Europeans to have more say
Better publicity for more effective public consultations.
SW – 09/2019
‘I want Europeans to build the future of
our Union’, announced Ursula von der Leyen, President-elect of the Commission,
in her guidelines for the next European Commission. She wants a greater push
for European democracy. Furthermore, European citizens should play a leading
and active role in setting priorities and objectives.
Through its Better Regulation Agenda, the
European Commission wants to ensure transparency in the legislative process and
give citizens and stakeholders the opportunity to participate in the
development and evaluation of EU legislation and policies. The umbrella associations
of the German social insurance system also make regular use of opportunities to
provide policy advice.
Special Report by the European Court of Auditors
The European Court of Auditors (ECA) has
now published a special
report in which it assessed whether the European Commission’s public
consultations have effectively contributed to involving citizens and
stakeholders in the adoption and evaluation of EU legislation. The auditors
came to a mostly positive conclusion. The EU Commission’s framework for
consulting the public during the preparation and evaluation of EU legislation
and policies is of a high standard.
Areas for improvement identified by the
auditors included insufficient publicity and feedback from the Commission. The
auditors found that the consultations with the lowest response rates were those
where the Commission used few communication channels for publicity, as opposed
to those with very high response rates. Increased publicity and the translation
of surveys into all official EU languages could lead to greater participation
The ECA also recommended providing timely feedback
on the outcome of the consultations. In some cases, no reports on the results
were prepared after the consultation, or only after a long delay and often only
EU Commission’s stocktaking
The Commission itself also conducted a stocktaking of the Better Regulation programme in April 2019 (see article May 2019),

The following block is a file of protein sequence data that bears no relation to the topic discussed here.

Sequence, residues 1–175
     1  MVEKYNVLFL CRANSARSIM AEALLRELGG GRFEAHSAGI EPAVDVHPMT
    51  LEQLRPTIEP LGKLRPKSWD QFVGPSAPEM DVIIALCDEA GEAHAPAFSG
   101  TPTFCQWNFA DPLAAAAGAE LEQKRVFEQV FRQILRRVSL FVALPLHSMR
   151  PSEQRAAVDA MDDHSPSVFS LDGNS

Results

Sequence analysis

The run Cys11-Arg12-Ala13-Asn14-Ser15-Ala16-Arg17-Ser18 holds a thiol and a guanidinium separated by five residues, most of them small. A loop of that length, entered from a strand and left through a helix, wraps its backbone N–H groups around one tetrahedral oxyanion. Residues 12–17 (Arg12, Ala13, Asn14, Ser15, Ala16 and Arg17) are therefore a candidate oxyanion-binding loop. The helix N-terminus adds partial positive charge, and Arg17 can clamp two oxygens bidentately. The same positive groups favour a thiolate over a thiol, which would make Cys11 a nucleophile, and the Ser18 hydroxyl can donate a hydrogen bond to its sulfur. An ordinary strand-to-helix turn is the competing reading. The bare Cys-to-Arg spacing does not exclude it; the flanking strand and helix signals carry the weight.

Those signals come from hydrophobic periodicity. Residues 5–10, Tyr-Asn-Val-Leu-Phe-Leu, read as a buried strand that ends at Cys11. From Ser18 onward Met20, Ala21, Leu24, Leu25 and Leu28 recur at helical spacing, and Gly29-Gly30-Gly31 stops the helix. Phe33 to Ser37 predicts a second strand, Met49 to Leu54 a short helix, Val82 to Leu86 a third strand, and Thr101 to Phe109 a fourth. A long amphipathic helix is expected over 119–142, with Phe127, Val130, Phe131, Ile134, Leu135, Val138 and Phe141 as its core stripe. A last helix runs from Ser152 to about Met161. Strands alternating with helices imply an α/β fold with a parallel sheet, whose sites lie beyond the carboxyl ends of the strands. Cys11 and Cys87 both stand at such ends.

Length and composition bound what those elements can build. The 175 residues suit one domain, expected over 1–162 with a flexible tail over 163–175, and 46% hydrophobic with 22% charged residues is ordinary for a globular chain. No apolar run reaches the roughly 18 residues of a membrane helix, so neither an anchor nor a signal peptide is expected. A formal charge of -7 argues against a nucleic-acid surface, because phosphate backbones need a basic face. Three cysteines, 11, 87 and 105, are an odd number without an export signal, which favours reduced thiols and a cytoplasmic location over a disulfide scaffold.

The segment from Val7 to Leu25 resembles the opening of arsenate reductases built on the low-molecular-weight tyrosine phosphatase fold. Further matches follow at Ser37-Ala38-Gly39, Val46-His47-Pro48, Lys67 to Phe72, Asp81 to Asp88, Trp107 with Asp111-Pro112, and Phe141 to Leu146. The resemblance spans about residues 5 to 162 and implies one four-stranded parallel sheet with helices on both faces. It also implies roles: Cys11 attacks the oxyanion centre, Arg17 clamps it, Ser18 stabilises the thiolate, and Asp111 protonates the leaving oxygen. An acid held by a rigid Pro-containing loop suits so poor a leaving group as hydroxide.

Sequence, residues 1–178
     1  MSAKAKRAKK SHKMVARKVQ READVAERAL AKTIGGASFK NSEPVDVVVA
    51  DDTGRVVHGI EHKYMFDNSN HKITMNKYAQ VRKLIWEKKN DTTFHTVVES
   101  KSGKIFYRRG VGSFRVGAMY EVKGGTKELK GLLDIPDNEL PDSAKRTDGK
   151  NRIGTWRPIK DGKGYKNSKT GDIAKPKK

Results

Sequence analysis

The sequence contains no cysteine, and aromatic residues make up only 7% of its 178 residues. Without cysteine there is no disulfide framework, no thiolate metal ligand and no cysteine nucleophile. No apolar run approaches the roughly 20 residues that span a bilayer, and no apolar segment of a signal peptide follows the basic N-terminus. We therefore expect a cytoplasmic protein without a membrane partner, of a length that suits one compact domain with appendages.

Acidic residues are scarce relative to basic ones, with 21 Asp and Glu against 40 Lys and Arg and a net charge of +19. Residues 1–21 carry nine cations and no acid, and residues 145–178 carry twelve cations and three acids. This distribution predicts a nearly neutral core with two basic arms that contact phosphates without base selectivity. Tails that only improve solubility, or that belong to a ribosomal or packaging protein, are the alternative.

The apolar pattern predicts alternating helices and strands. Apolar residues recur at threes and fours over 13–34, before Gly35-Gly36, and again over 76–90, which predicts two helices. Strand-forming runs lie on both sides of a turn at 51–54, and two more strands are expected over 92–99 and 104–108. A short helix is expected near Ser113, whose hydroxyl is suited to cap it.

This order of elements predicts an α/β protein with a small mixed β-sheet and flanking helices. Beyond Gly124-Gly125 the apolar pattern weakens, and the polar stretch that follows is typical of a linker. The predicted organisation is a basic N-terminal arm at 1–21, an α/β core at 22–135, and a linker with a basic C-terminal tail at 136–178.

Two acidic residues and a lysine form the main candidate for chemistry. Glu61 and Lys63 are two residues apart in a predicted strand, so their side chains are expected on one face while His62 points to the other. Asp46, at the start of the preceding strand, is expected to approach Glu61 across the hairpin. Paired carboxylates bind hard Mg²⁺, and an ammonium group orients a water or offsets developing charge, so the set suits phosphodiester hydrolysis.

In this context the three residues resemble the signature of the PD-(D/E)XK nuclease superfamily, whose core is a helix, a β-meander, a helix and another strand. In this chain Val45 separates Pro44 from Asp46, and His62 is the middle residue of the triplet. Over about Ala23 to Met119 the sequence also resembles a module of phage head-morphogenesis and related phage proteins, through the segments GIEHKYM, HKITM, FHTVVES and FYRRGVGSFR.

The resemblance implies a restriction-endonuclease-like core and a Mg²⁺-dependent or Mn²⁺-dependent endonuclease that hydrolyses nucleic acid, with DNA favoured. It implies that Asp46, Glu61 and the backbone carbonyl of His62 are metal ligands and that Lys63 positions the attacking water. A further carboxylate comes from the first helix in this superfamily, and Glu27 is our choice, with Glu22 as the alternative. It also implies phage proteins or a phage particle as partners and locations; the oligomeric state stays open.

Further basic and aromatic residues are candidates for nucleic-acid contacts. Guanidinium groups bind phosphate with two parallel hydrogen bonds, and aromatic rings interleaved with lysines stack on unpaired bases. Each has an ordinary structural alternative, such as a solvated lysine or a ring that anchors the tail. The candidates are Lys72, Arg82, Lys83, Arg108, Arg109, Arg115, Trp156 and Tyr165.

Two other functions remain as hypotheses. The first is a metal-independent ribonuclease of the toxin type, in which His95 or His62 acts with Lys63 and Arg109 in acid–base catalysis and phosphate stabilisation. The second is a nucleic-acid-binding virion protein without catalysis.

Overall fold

having previously given citizens and stakeholders the opportunity to express
their views in a public consultation. The umbrella associations of the German
social insurance system were also involved (see article Nov
2018 and full position
paper) and pointed out that a thorough analysis and detailed presentation of
the results would help to make evaluation processes more transparent. In
addition, the German Social Insurance has called for impact assessments, where it
is deemed appropriate, to take a thorough look at social and health issues.
The European Economic and Social Committee (EESC)
is also currently addressing the topic of better regulation and is calling for
an integrated impact assessment which takes account of criteria such as social
protection, employment and health. In its Opinion,
which will be discussed in the Committee’s plenary session at the end of
September, the EESC calls on the Commission to develop a ‘smart evaluation
matrix’ which will make it possible to assess the impact of major amendments
proposed by co-legislators and stakeholders.
The EESC considers that continuing the
Better Regulation Agenda should be made conditional on certain substantive
improvements and proposes that responsibility for the programme be given to a Vice-President
of the new EU Commission.